Thursday, August 27, 2009

How to Describe a Sunset--or Not

If you go for a walk at sunset and you see the sunset and you want to write about how beautiful it is, what can you say?

In these days of lean writing, people don’t want to read about the sunset being “splendid” or “magnificent.” Too syrupy.

They don’t want to read about its colors--all the shades of pink and gold and yellow and purple and blue. Too inadequate.

And it’s not currently “good” to describe the brightness of the pinks and golds--how the clouds were outlined by the gleaming edge of gold and how the pink and blue lines radiated out in all directions for about one minute.

So how are you supposed to do it?

Should you just say something like “when I saw it, something in me welled up and felt tender, so I told God it was one of his very best” and just leave them to figure out all the rest?

That’s inadequate, too. And what if they can’t imagine it because they’ve never seen one just like it or maybe never noticed?!

Wednesday, August 19, 2009

Anybody Listening?

Look up this story that came in my e-mail at Snopes, for verification:

Washington, DC Metro Station on a cold January morning. A young man with a violin plays six Bach pieces for about 45 minutes. During that time approx. 2 thousand people passed through the station, most of them on their way to work. After 3 minutes a middle-aged man noticed there was a musician playing. He slowed his pace and stopped for a few seconds and then hurried to meet his schedule.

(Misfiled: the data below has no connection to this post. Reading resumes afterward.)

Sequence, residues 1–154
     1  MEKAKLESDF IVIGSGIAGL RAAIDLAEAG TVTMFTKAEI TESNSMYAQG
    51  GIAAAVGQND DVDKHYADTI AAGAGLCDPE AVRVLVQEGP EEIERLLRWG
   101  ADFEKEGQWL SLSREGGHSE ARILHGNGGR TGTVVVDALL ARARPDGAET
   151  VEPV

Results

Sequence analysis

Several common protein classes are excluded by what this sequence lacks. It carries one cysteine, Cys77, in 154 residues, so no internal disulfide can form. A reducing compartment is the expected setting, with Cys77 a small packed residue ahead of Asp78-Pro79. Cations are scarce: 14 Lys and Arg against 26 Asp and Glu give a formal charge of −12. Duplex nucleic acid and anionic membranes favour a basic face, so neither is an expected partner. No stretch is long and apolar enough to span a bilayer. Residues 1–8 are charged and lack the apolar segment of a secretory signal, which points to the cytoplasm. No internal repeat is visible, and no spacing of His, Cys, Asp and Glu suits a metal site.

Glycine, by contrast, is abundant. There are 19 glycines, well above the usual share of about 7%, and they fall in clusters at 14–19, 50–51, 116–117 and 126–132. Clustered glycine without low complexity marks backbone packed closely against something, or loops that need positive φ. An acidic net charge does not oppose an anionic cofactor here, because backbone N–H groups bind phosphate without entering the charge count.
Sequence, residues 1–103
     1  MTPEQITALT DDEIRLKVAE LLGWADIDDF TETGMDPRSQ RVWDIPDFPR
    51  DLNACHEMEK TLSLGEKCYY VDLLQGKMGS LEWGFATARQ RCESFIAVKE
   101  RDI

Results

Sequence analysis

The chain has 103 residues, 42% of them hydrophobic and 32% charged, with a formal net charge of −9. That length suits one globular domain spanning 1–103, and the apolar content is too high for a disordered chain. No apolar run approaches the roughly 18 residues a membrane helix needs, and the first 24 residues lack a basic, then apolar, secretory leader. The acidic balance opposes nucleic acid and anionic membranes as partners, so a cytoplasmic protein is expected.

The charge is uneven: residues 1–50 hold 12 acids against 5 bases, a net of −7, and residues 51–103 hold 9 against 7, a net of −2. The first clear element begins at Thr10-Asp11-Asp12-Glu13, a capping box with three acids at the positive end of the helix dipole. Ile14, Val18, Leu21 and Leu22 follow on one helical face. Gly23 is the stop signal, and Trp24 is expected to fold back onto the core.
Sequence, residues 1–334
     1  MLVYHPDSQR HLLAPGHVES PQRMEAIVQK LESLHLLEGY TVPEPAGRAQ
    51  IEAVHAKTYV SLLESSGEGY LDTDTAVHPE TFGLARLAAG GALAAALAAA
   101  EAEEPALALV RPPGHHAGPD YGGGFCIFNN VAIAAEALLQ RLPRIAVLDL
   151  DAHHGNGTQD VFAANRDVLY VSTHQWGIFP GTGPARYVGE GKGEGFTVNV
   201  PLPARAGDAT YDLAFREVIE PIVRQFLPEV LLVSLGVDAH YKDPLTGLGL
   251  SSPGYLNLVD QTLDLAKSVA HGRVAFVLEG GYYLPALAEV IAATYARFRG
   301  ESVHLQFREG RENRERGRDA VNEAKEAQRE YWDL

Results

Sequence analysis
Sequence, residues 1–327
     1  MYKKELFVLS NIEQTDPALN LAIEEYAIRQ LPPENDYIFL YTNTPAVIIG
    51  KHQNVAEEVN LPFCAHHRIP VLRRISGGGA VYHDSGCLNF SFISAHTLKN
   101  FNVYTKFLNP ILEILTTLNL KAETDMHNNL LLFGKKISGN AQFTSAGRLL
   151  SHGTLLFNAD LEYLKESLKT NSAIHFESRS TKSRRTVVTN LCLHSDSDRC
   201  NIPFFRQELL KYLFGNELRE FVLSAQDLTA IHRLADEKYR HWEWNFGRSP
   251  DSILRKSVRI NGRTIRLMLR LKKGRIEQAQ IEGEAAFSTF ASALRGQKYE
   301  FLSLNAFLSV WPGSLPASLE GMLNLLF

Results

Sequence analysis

Here's a link to the YouTube video of his performance; he is considered one of the world's greatest musicians.

4 minutes later:
The violinist received his first dollar: a woman threw the money in the hat and, without stopping, continued to walk.

6 minutes:
A young man leaned against the wall to listen to him, then looked at his watch and started to walk again.

10 minutes:
A 3-year old boy stopped but his mother tugged him along hurriedly. The kid stopped to look at the violinist again, but the mother pushed hard and the child continued to walk, turning his head all the time. This action was repeated by several other children. Every parent, without exception, forced their children to move on quickly.

45 minutes:
The musician played continuously. Only 6 people stopped and listened for a short while.. About 20 gave money but continued to walk at their normal pace. The man collected a total of $32.

1 hour:
He finished playing and silence took over. No one noticed. No one applauded, nor was there any recognition.

No one knew this, but the violinist was Joshua Bell, one of the greatest musicians in the world. He played one of the most intricate pieces ever written, with a violin valued at $3.5 million dollars. Two days before, Joshua Bell sold out a theater in Boston where the price of seats averaged $100.

This is a true story. Joshua Bell playing incognito in the metro station was organized by the Washington Post as part of a social experiment about perception, taste and people's priorities.. The questions raised: in a commonplace environment at an inappropriate hour, do we perceive beauty? Do we stop to appreciate it? Do we recognize talent in an unexpected context?